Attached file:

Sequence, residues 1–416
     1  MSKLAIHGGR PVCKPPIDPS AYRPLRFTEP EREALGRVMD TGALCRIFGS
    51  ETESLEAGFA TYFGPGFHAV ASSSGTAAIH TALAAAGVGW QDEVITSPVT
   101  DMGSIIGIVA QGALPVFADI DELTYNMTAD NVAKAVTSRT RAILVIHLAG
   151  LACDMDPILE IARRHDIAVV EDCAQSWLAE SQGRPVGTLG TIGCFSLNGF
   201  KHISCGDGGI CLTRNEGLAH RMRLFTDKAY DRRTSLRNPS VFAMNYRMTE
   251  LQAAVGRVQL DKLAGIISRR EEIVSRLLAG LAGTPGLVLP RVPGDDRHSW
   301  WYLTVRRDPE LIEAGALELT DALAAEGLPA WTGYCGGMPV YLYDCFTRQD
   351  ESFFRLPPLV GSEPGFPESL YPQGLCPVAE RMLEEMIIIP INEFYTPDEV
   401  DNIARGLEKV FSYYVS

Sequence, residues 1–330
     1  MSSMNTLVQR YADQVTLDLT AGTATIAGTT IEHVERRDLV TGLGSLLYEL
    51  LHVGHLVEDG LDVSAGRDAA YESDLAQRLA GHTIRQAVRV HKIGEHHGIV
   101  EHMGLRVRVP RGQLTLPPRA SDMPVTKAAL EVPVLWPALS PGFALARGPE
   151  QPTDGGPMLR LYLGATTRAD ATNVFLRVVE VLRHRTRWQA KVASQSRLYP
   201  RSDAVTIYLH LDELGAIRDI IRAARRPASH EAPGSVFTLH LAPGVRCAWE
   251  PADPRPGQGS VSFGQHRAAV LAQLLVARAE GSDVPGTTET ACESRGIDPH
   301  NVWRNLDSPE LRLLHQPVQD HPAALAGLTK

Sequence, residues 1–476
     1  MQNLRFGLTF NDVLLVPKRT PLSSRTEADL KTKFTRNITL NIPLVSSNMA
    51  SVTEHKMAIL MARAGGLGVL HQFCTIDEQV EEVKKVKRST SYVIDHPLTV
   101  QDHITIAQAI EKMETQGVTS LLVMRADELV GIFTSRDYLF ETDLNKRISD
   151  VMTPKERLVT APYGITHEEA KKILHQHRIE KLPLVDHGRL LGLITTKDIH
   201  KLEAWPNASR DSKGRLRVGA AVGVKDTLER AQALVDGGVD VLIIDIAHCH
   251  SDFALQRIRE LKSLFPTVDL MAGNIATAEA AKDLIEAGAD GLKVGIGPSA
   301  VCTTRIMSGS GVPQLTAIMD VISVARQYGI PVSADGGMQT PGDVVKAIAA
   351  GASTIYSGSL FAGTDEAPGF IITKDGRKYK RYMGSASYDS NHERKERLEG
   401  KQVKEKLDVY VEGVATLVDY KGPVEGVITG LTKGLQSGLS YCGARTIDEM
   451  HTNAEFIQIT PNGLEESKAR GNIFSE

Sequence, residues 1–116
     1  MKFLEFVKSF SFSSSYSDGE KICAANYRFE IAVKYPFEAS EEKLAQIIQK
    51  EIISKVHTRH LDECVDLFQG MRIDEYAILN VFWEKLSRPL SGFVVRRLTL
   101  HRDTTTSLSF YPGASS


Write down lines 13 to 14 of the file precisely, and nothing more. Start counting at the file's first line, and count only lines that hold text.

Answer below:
    51  LHVGHLVEDG LDVSAGRDAA YESDLAQRLA GHTIRQAVRV HKIGEHHGIV
   101  EHMGLRVRVP RGQLTLPPRA SDMPVTKAAL EVPVLWPALS PGFALARGPE